Updated at 8:45 a.m. EST:
It began 30 years ago today, Friday August 14, 1992. The disturbance that would become Hurricane Andrew moved off the coast of Africa. The system took 10 days to cross the Atlantic and coalesce into an unimaginable Category 5 storm.
The National Hurricane Center first took notice of the system at 10:30 p.m. Friday. It was a mass of clouds with no sign of traffic. NHC forecaster Richard Pasch noted that the system “shows no signs of development.” Which, at the time, was true.
It would take two days over the Atlantic before the disturbance had a defined circulation.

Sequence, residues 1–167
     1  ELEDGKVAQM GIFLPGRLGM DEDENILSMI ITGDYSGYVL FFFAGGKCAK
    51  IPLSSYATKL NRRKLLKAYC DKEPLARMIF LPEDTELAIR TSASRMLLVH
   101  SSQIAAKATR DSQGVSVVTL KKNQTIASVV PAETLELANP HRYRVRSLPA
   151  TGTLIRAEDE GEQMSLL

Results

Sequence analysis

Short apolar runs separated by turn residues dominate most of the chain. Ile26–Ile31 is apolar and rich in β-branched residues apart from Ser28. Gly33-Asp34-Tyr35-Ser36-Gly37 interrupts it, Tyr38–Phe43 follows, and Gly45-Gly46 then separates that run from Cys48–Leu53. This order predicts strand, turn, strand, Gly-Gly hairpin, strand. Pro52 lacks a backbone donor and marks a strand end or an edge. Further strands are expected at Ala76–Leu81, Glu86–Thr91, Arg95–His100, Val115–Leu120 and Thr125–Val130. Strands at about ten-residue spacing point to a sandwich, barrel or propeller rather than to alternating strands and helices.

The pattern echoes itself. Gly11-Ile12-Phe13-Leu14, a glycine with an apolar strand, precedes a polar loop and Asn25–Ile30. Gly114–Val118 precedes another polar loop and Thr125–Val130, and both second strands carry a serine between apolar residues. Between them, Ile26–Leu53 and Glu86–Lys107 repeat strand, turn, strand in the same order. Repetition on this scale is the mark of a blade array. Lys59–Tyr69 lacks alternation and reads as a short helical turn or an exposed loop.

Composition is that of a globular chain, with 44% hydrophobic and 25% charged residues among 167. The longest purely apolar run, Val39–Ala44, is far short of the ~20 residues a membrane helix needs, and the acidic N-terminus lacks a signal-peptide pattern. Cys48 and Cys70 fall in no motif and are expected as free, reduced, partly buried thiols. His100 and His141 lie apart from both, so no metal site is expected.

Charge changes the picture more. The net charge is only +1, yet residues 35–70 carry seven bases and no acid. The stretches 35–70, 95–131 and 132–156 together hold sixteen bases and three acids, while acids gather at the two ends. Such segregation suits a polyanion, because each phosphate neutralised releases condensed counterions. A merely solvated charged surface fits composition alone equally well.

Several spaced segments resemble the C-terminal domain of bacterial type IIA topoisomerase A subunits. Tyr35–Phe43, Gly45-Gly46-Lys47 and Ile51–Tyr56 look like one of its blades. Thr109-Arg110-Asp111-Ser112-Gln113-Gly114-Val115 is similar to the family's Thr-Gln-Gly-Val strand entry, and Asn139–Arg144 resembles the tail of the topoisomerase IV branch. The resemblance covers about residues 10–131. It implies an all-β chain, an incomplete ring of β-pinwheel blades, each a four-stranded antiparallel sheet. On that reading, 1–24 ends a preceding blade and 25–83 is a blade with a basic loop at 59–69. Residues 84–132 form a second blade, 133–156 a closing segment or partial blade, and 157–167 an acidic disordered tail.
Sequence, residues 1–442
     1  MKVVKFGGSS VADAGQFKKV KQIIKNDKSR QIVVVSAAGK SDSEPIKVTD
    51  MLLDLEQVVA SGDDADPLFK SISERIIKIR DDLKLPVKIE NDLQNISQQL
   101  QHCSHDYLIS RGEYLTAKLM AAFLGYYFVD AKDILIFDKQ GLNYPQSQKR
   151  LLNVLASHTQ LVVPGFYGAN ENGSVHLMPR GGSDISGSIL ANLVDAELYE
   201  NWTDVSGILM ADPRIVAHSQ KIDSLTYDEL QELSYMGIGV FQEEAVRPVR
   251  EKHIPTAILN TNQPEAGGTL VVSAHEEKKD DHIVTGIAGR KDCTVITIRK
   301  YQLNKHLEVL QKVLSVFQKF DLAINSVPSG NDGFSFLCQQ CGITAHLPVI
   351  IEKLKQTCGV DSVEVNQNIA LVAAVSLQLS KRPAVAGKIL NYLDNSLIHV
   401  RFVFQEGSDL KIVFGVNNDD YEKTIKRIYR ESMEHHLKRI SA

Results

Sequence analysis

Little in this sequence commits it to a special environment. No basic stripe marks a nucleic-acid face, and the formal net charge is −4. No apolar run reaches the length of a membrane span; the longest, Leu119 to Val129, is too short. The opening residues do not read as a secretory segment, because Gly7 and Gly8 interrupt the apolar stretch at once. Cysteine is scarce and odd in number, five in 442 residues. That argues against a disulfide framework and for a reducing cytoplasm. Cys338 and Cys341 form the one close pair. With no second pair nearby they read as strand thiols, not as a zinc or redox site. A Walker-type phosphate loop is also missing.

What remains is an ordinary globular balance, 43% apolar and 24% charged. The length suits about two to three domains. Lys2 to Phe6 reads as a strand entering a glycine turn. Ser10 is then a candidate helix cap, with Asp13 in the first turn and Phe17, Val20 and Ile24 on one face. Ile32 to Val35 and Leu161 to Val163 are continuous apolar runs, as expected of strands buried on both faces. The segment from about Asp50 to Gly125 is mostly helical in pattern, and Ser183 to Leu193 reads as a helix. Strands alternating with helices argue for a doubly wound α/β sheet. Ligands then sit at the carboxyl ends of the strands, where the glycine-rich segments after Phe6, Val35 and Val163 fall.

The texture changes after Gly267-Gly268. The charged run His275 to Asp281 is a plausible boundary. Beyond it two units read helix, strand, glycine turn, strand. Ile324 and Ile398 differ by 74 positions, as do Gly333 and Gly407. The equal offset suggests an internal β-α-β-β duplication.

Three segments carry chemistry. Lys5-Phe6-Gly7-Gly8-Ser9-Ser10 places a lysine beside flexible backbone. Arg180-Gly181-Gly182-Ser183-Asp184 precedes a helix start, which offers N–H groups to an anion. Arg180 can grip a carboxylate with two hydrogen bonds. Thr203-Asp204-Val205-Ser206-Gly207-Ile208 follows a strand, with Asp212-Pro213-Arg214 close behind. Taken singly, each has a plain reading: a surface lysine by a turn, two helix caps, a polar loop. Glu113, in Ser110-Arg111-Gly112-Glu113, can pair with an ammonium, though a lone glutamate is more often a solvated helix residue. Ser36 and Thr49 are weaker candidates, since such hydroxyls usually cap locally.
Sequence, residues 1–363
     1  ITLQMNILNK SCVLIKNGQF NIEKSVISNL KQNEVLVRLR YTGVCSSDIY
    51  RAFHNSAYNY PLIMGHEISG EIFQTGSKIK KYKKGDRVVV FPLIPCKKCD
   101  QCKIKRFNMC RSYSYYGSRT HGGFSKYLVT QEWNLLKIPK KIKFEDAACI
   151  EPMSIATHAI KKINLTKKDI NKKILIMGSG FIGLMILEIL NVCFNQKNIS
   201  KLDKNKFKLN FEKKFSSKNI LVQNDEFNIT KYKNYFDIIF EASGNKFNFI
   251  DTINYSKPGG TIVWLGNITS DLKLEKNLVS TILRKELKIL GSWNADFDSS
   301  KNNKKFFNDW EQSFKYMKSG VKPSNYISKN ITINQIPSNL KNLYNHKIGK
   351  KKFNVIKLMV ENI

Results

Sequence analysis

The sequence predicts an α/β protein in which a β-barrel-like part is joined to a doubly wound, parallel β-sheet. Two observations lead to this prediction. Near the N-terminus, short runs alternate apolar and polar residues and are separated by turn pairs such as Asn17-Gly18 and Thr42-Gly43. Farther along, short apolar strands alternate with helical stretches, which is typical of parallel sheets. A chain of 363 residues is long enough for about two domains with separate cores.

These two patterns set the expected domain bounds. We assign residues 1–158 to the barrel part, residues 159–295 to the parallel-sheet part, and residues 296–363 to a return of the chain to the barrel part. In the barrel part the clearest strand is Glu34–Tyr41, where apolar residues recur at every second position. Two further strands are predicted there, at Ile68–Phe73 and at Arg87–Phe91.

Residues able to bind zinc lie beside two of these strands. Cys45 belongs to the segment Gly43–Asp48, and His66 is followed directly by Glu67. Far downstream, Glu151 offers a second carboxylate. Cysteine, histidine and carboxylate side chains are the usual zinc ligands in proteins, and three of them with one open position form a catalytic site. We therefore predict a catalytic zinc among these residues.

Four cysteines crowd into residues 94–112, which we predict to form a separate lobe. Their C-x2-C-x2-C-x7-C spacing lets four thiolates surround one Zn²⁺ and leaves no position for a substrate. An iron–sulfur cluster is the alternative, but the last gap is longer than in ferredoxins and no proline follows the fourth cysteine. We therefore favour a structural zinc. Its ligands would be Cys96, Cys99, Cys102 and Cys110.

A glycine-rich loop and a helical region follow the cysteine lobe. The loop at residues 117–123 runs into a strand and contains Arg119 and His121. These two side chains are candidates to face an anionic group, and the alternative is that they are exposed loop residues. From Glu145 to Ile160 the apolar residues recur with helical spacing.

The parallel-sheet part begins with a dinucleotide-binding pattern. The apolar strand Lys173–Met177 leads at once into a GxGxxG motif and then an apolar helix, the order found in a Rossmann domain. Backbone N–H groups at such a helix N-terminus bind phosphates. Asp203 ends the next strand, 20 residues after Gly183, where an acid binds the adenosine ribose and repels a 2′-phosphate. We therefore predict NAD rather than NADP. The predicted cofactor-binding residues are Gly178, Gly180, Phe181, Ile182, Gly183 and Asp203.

In 2022, the only disturbance on the map is just moving over the South Texas coast. An organized circulation is very unlikely to develop within the system, which would qualify it as a tropical depression.
The threat from this system is the heavy rain expected to fall over the southern portion of Texas. All of Texas is in a drought state, so rain is welcome, up to a point. In some areas, flooding can occur because too much rain falls at once. The threat of heavy rain continues tomorrow.
In the tropical Atlantic, the atmosphere continues to be dominated by dry, dusty air. Nothing is expected to develop this week, which is starting to get unusual. The peak of the hurricane season theoretically begins on August 20.